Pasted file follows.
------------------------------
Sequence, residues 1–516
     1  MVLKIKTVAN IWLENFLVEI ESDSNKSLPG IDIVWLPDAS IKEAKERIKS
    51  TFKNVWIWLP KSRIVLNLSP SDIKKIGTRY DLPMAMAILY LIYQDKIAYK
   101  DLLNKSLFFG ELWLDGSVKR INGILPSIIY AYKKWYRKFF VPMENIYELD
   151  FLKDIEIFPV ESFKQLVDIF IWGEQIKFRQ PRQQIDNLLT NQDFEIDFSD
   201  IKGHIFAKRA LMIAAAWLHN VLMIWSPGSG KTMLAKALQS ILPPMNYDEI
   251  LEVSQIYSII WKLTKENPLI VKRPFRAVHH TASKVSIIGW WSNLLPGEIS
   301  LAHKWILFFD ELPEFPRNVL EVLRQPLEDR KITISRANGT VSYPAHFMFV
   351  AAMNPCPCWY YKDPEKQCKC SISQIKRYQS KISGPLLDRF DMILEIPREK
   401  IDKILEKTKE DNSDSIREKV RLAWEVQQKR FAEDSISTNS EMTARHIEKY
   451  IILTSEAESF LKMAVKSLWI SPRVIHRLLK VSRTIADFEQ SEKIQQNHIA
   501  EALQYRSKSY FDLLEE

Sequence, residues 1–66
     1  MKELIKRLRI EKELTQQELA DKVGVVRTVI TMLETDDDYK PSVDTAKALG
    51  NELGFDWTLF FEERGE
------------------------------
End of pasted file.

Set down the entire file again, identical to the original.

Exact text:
Sequence, residues 1–516
     1  MVLKIKTVAN IWLENFLVEI ESDSNKSLPG IDIVWLPDAS IKEAKERIKS
    51  TFKNVWIWLP KSRIVLNLSP SDIKKIGTRY DLPMAMAILY LIYQDKIAYK
   101  DLLNKSLFFG ELWLDGSVKR INGILPSIIY AYKKWYRKFF VPMENIYELD
   151  FLKDIEIFPV ESFKQLVDIF IWGEQIKFRQ PRQQIDNLLT NQDFEIDFSD
   201  IKGHIFAKRA LMIAAAWLHN VLMIWSPGSG KTMLAKALQS ILPPMNYDEI
   251  LEVSQIYSII WKLTKENPLI VKRPFRAVHH TASKVSIIGW WSNLLPGEIS
   301  LAHKWILFFD ELPEFPRNVL EVLRQPLEDR KITISRANGT VSYPAHFMFV
   351  AAMNPCPCWY YKDPEKQCKC SISQIKRYQS KISGPLLDRF DMILEIPREK
   401  IDKILEKTKE DNSDSIREKV RLAWEVQQKR FAEDSISTNS EMTARHIEKY
   451  IILTSEAESF LKMAVKSLWI SPRVIHRLLK VSRTIADFEQ SEKIQQNHIA
   501  EALQYRSKSY FDLLEE

Sequence, residues 1–66
     1  MKELIKRLRI EKELTQQELA DKVGVVRTVI TMLETDDDYK PSVDTAKALG
    51  NELGFDWTLF FEERGE